Acoustic modes are well-suited probes to check the internal stellar structure and bring interesting constraints on turbulence regions, mixing in stellar interiors and magnetic fields. The SOHO satellite, through the helioseismic instruments GOLF, MDI and VIRGO, has significantly improved the knowledge of these modes owing to an excellent duty cycle (greater than 90%) and the capability to detect very low amplitude modes, down to 3 mm/s. Five years of the SOHO misson guarantee an accurate view of the solar interior, weakly dependent on the turbulent surface, from the energy-generating core to the surface.
The recent results allow us to verify some of the theoretical assumptions of stellar modelling. The tachocline layers, located in a narrow region at the base of the convection zone, support an hydro (or magnetohydro) dynamical instability which induces mixing and results in 7Li depletion in accordance with photospheric observations. On the contrary, central mixing is not favoured by the present observations. Nuclear reaction rates of the pp chain are now constrained by the behaviour of the sound speed and density. Döppler velocity measurements appear as an excellent technique to follow in real time the temporal evolution of the luminosity produced in the core. Some puzzling questions about dynamical effects in stellar plasmas can now start to be addressed for the first time. The theoretical neutrino emissions can be now directly deduced from our helioseismic vision of the energy-generating core.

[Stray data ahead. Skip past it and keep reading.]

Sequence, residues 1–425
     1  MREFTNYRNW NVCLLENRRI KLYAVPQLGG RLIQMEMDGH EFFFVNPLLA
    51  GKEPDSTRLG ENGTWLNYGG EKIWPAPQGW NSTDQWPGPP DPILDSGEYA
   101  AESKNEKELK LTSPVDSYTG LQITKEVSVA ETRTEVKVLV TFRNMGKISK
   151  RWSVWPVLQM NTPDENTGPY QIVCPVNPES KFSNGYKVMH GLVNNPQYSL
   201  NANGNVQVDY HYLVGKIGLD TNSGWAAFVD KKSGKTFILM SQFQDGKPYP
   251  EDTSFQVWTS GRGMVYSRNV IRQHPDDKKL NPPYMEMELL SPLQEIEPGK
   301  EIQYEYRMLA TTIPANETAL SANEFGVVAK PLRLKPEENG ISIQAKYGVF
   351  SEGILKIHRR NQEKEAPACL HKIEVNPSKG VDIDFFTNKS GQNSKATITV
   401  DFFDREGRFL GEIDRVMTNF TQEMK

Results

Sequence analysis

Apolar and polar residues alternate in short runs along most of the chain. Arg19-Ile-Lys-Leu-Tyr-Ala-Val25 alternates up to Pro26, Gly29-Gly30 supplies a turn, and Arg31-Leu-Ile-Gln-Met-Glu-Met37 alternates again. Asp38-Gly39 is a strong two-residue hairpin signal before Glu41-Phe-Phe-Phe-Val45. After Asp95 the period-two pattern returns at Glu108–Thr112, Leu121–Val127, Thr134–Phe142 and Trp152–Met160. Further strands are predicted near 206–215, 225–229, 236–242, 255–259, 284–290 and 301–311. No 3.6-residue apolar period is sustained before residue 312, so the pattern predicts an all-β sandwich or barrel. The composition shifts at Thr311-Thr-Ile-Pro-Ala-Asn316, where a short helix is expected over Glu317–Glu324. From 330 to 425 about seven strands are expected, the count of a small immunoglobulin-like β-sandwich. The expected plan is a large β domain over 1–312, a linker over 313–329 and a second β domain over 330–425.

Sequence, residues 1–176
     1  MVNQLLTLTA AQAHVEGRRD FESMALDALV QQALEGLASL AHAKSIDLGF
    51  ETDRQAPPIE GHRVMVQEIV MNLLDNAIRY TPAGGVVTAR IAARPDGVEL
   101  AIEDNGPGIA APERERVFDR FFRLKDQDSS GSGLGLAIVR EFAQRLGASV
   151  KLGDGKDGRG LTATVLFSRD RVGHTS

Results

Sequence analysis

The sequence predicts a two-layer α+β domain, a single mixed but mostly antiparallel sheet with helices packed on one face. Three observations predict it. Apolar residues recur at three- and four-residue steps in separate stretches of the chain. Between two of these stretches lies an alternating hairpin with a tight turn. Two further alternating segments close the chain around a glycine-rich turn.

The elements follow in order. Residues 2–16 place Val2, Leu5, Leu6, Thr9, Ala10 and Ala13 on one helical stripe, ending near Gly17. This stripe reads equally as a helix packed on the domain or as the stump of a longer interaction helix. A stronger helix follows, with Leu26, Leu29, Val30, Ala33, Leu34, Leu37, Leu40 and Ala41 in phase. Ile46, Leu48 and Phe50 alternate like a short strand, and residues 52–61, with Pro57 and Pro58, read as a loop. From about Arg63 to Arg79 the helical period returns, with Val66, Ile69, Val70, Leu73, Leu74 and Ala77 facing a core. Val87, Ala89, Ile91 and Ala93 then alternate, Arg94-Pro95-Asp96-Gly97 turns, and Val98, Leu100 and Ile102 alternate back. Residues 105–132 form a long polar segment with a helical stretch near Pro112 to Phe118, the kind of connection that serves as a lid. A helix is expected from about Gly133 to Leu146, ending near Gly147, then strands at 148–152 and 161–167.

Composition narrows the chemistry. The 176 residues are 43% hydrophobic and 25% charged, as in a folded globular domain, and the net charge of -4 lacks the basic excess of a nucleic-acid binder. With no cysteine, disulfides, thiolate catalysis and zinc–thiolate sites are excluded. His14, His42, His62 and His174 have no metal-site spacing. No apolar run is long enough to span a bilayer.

Nowadays, helioseismology provides a dynamical vision of the external half of the Sun (20% in mass), as a result of the extraction of the sound speed, density, rotation profiles and of the time evolution of velocity measurements. Below, the classical static vision of the nuclear region persists because of the poor spatial resolution offered by acoustic modes (±6% in radius, 10% in mass) and the long integration time (several years). Gravity modes will be extremely useful to improve the spatial resolution in the radiative region. The extended observations with the SOHO satellite may be extremely useful to detect some of these modes.